LEGAL STANDARD FOR SUMMARY JUDGMENT
Rule 56(a) of the Federal Rules of Civil Procedure, summary
judgment is proper “if the movant shows that there is
no genuine dispute as to any material fact and the movant is
entitled to judgment as a matter of law.” Fed.R.Civ.P.
56. “Rule 56 mandates the entry of summary judgment,
after adequate time for discovery and upon motion, against a
party who fails to make a showing sufficient to establish the
existence of an element essential to that party's case,
and on which that party will bear the burden of proof at
trial.” Celotex Corp. v. Catrett, 477 U.S.
317, 322 (1986) (alteration in original). The moving party
bears the initial burden of proving the absence of a genuine
issue of material fact. Id. at 323. The burden then
shifts to the nonmoving party, who is required to “go
beyond the pleadings” to establish that there is a
“genuine issue for trial.” Id. at 324
(citation and internal quotation marks omitted). A dispute
about a material fact is genuine “if the evidence is
such that a reasonable jury could return a verdict for the
nonmoving party.” Anderson v. Liberty Lobby,
Inc., 477 U.S. 242, 248 (1986).
summary judgment motions, the court must construe the
evidence and all reasonable inferences arising from it in the
light most favorable to the non-moving party. Adickes v.
S. H. Kress & Co., 398 U.S. 144, 157 (1970); see
also Anderson, 477 U.S. at 255. Any factual disputes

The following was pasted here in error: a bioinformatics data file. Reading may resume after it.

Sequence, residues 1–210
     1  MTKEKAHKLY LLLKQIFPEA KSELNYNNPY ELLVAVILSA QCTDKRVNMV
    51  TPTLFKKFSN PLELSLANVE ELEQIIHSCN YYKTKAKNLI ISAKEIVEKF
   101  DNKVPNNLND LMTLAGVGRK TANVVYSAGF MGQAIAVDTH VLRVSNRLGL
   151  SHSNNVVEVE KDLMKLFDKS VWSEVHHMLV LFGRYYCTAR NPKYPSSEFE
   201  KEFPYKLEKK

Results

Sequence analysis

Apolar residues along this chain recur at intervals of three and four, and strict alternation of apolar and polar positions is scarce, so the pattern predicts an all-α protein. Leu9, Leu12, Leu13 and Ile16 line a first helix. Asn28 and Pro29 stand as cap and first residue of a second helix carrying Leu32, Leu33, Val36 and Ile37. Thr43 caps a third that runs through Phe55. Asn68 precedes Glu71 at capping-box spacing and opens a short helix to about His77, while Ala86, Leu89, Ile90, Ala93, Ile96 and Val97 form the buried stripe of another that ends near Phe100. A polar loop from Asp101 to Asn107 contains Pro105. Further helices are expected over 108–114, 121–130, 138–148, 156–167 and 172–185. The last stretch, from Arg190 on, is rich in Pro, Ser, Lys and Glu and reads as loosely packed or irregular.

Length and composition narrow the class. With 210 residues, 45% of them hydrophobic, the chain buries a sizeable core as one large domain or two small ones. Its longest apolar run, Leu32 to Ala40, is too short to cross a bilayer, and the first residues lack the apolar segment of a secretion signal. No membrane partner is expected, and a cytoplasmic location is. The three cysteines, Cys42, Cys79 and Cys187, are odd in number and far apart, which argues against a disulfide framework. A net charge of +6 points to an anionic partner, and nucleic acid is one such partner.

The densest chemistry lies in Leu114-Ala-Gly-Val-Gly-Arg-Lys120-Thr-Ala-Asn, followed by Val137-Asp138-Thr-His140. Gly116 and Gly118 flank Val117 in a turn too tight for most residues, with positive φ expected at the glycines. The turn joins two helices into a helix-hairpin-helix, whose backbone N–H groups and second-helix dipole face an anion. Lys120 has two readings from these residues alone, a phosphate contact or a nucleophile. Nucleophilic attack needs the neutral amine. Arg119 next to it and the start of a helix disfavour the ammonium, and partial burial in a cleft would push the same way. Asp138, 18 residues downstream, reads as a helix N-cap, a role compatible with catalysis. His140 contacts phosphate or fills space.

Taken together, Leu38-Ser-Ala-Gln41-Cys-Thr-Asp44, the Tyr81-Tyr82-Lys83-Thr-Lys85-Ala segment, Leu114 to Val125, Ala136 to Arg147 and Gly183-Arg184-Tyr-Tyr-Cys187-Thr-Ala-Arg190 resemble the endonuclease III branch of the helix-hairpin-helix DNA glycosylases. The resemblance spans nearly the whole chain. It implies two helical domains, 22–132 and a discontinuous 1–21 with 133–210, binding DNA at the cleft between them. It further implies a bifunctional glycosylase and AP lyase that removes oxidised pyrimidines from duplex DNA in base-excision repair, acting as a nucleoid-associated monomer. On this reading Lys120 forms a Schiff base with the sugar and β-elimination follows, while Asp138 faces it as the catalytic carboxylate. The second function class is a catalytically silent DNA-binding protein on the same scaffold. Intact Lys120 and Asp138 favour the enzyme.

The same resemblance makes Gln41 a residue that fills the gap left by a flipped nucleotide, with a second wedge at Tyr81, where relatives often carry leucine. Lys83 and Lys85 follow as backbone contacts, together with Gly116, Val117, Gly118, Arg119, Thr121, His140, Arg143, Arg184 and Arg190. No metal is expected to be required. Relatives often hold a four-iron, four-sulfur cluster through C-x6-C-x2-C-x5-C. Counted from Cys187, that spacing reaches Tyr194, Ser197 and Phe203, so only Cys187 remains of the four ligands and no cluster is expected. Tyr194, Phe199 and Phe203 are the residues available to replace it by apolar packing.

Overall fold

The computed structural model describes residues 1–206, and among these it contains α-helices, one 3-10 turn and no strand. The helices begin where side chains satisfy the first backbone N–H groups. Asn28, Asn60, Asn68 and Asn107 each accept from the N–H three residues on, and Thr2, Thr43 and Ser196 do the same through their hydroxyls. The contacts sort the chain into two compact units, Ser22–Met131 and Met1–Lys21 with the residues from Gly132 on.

will be resolved in the non-moving party's favor when
sufficient competent evidence supports the non-moving
party's version of the disputed facts. See Pace v.
Capobianco, 283 F.3d 1275, 1276, 1278 (11th Cir. 2002)
(a court is not required to resolve disputes in the
non-moving party's favor when that party's version of
events is supported by insufficient evidence). However,
“mere conclusions and unsupported factual allegations
are legally insufficient to defeat a summary judgment
motion.” Ellis v. England, 432 F.3d 1321, 1326
(11th Cir. 2005) (per curiam) (citing Bald Mountain Park,
Ltd. v. Oliver, 863 F.2d 1560, 1563 (11th Cir. 1989)).
Moreover, “[a] mere ‘scintilla' of evidence
supporting the opposing party's position will not
suffice; there must be enough of a showing that the jury
could reasonably find for that party.” Walker v.
Darby, 911 F.2d 1573, 1577 (11th Cir. 1990) (citing
Anderson, 477 U.S. at 252).
an African American woman, began working as a police officer
in AAMU's Department of Public Safety (“DPS”)
in July 2006. AMMU discharged Turner without cause in 2009
and then rehired her in 2011. AAMU subsequently promoted
Turner to sergeant in 2013. Docs. 45-1 at 9; 49-1 at 1.
Turner held the position until her discharge in 2016.
events that led to the discharge trace their genesis to
October 2015, when DPS dispatched officer Lorenza Bodie to a